Map of Mars “Transformation”

Humans’ understanding of Mars has never been linear. Let’s take the “map of Mars” as a clue, and trace how humanunderstanding of Mars is moving away from the fog, from shallow to deep, and how Mars has evolved from a bright spot in the night sky to a red neighbor star as we now know it, a bumpy, ups and downs that also paints a grand picture of our future journey to the universe.

The Martian landscape is first revealed.

From the timeline, the history of the map of Mars is interesting, and the major discoveries about Mars always seem to occur in the closest years to Earth and Mars, with the arrival of “Mars Day.”

Although Mars and Earth are close every two years, each time the distance between the two is different, the closest day is called “big rush”, on average 15 or 17 years only occur, when the Earth’s astronomers will point their telescopes to Mars, looking forward to major discoveries.


The 17th-century starry sky, free from the control of medieval thetheological power, science was able to gallop. The first human sketch of Mars was born in 1636 during the Mars Day.

第一幅火星素描,意大利律师兼业余天文学家方塔纳绘制了火星相位变化,弗朗西斯科·方塔纳绘于1636年(左)、1638年(右),白色圆面代表火星,中心的“黑色小药丸”是望远镜缺陷引起的暗斑。/ Francesco Fontana


The first identified Martian feature was discovered in 1659, because it resembled an hourglass, and its discoverer, Huygens, was known as the “Sea of Hourglass”, a black basalt region more than 1,300 kilometers in diameter, now known as the Great Certes Plateau.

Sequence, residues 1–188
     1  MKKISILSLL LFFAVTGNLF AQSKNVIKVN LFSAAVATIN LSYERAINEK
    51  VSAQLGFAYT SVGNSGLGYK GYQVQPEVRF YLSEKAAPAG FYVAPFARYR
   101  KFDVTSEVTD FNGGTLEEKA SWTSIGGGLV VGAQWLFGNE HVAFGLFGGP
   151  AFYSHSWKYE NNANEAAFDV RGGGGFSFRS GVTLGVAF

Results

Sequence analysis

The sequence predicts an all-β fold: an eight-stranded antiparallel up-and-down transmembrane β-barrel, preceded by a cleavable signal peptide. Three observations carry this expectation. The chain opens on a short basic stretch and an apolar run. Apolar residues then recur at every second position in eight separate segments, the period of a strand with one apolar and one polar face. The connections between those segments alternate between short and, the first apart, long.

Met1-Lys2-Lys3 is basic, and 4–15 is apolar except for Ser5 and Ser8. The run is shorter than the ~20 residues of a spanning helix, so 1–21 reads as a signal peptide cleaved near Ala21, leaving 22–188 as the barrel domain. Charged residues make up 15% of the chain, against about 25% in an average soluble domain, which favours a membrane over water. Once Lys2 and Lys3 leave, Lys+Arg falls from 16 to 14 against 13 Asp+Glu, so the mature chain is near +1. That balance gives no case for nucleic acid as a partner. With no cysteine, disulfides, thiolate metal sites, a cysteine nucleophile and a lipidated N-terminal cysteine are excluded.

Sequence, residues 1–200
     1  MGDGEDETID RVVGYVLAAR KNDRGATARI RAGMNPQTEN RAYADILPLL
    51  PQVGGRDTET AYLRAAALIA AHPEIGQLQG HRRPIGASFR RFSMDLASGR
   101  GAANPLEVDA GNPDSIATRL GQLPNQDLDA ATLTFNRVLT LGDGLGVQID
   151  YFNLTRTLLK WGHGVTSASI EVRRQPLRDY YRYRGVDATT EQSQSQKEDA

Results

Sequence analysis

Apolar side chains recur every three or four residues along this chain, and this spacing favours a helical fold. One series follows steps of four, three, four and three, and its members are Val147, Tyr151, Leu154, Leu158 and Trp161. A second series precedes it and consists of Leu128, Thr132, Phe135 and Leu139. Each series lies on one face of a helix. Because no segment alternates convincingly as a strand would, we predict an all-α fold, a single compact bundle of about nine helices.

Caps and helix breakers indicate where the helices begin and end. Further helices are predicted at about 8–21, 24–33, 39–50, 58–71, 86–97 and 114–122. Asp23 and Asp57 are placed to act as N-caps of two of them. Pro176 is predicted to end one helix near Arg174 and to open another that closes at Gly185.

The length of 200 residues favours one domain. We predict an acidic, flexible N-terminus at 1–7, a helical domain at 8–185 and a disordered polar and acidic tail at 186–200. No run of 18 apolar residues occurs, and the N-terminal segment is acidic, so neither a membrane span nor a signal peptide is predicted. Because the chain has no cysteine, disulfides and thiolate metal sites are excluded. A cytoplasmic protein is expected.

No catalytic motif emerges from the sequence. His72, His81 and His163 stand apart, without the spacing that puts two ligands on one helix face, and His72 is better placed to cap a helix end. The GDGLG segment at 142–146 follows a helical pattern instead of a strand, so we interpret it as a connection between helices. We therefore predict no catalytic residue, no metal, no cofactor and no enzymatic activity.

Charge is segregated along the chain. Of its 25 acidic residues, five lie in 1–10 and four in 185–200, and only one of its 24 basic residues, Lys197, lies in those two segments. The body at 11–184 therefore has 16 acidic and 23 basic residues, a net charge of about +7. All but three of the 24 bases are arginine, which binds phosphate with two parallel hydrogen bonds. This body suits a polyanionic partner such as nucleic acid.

1659年,荷兰天文学家惠更斯绘制的火星“沙漏海”(今名“大瑟提斯高原”)。/ Huygens

Just as the first aliens to discover in their search for planets in the solar system must have been Jupiter or Saturn, the first thing humans see when they spy on Mars must be the most obvious “sea of hourglass” (Great Certes). Is it the ocean? Land? Clouds? Or vegetation? Humans know nothing about this, and this will continue for more than a hundred years.


The Great Martian Surge of 1672 saw the “sea carriageman” dominate the world, and the Dutch astronomer Huygens was also a leader of the era, following the “sea of hourglass”, he discovered the white crown of Mars. In the same year, French astronomer Cassini measured the distance from Mars to Earth, combining Kepler’s third law, and humans finally knew how big their solar system was.

1672年火星大冲惠更斯的火星手绘,除了“沙漏海”,还看到了火星极冠(靠上的圈)。/ Huygens

The first generation of telescope-using Mars observers also encountered the first technical bottleneck: color aberration. Limited by this technological flaw, astronomers’ portrayal of the surface of Mars is limited to the characteristics of the largest block of the Martian surface. In order to overcome this problem, a large number of long focal length “suspension” telescopes were born. But with the death of Huygens in 1695, the “suspension” telescope was sealed with cumbersome operations. Then mars research entered the “long night” of nearly a century.



The 15-year-old Mars expedition saw the “Empire of The Sun” colonize the world; The refractive telescope, which is relatively deep in the “color aberration” and has much to offer when it comes to Herschel through Hadley’s improved reflective telescope.

Herschel used a homemade reflective “cannon” to accurately measure the size, rotation period and rotation almost of Mars, confirmthe the presence of atmosphere and clouds on Mars, and speculate that there are seasonal changes on Mars, and he speculated that the Martian polar crown is made up of ice and snow, each characterized like Earth.


Unlike Herschel, who believes that bright and dark patches on Mars are surface features, Schroeder, another prominent observer, voted against him, arguing that the hazy spots were clouds on Mars, not the surface.


By the end of the 18th century, human research on the Martian ontome had begun to bear fruit, although is the “sea of hourglass” a surface feature or a cloud? Is the features on Mars permanent? Such problems still plague astronomers, and no one has ever mapped Mars in the true sense, just as no one would map the clouds… But Mars is still the most Earth-like planet in the solar system.

You’re not wrong, this view that we know today has been a consensus since the 18th century!